Prime Minister Shinzo Abe said his ruling coalition won a majority of seats in the upper house of Japan.
Abe said Monday that he will use his victory to push ahead with reforms in its economic program - known as abenomics - further changes in its diplomatic policies. Together with the Pro-constitutional revisionists, his coalition won two-thirds of the votes, 121 place in the upper house.
According to Kate Henry, the founder and Director for strategy of Asia in Tokyo, polls show that Japanese people have no realistic alternatives for whipping inflation. "After the election, Abe will be pressured to meet those expectations," says Henry. "He will need to quickly show progress in the necessary internal reforms in the field of regulation and financial markets - or the Japanese people can quickly lose patience."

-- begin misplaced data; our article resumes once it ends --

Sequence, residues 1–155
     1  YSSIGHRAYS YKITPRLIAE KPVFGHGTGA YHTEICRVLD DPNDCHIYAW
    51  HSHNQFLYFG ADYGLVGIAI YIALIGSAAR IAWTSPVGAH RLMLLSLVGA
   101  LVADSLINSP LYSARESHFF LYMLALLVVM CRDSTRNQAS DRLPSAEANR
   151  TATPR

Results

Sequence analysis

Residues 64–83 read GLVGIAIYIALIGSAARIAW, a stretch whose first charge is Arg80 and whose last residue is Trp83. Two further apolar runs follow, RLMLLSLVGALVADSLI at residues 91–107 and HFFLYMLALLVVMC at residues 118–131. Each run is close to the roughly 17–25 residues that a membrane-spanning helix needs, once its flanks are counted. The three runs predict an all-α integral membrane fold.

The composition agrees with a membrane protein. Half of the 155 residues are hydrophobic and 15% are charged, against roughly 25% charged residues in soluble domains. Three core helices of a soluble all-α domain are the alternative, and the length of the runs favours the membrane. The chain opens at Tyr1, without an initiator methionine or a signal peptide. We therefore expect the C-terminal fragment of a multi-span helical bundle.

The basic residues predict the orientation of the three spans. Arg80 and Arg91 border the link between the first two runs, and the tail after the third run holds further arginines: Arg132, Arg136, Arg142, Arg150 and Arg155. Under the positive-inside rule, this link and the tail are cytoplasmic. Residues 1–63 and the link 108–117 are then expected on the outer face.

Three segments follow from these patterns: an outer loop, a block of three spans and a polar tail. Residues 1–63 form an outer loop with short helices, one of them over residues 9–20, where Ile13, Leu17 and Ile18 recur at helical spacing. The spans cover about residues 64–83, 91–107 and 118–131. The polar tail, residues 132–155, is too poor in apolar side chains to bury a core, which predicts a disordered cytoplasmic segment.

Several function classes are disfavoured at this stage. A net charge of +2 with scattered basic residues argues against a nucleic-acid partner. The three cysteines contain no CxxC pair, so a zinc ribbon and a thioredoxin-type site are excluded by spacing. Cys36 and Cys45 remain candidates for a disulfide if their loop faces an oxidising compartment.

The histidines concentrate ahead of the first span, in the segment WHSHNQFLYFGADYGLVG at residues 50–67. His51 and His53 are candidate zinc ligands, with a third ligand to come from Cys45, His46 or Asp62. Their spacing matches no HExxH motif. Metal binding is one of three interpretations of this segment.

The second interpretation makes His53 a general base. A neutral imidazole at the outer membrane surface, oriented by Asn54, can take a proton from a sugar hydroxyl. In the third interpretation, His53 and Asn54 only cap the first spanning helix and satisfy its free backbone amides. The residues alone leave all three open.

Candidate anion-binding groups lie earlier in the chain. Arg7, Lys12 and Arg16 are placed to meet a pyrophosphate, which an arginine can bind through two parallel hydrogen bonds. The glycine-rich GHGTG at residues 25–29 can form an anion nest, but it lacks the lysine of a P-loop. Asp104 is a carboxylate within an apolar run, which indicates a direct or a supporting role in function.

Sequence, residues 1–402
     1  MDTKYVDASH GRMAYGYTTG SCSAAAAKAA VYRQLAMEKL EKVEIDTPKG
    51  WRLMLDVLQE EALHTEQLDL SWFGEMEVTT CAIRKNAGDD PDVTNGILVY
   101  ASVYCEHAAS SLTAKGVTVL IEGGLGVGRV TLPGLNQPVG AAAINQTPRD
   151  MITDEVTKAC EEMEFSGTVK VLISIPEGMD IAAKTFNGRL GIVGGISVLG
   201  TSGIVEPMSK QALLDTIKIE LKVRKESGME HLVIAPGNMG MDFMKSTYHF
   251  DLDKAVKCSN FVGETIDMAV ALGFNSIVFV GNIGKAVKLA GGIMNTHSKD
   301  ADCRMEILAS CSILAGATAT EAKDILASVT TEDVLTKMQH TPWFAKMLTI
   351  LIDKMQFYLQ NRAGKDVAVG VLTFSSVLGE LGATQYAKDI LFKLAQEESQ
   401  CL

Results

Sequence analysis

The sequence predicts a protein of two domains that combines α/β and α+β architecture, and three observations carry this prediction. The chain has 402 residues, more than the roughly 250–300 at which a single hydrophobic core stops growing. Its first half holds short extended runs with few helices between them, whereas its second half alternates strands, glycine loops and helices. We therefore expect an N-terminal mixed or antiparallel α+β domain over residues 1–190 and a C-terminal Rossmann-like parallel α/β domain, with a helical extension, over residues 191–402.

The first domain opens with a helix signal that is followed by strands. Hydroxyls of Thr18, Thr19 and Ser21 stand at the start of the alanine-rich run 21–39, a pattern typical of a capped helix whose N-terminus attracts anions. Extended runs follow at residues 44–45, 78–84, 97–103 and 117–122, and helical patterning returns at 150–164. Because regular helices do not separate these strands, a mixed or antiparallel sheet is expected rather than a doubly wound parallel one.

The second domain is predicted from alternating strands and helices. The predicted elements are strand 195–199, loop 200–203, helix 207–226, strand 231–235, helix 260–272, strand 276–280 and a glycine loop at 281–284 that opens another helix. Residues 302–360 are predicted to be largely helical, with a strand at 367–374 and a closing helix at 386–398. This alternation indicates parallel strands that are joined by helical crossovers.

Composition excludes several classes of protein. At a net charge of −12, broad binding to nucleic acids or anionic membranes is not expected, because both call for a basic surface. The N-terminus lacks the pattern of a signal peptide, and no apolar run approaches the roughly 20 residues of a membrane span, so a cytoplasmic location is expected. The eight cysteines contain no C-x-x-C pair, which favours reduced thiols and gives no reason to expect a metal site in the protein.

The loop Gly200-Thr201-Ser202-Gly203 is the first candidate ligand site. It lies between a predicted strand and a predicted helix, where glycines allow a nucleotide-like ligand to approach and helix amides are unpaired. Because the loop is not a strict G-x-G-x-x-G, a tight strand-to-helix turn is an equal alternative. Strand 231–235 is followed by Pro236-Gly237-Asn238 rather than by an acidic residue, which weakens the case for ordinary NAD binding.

The result will allow Abe to take a step forward in the direction of a constitutional amendment. Many in the community were critical of the fact that Prime Minister Shinzo Abe wants to change the Constitution to loosen constraints on military activities.
However, more assertive militarily, China and North Korea, which continue to go towards nuclear development has forced the people of Japan nervous about regional security.
Constitutional change will be possible as soon as a national referendum approved the proposal of the Parliament. "For the first time in postwar Japanese history, the Japanese Prime Minister gave the green light to start the debate in the national Parliament on the revision of the Constitution," says Henry.
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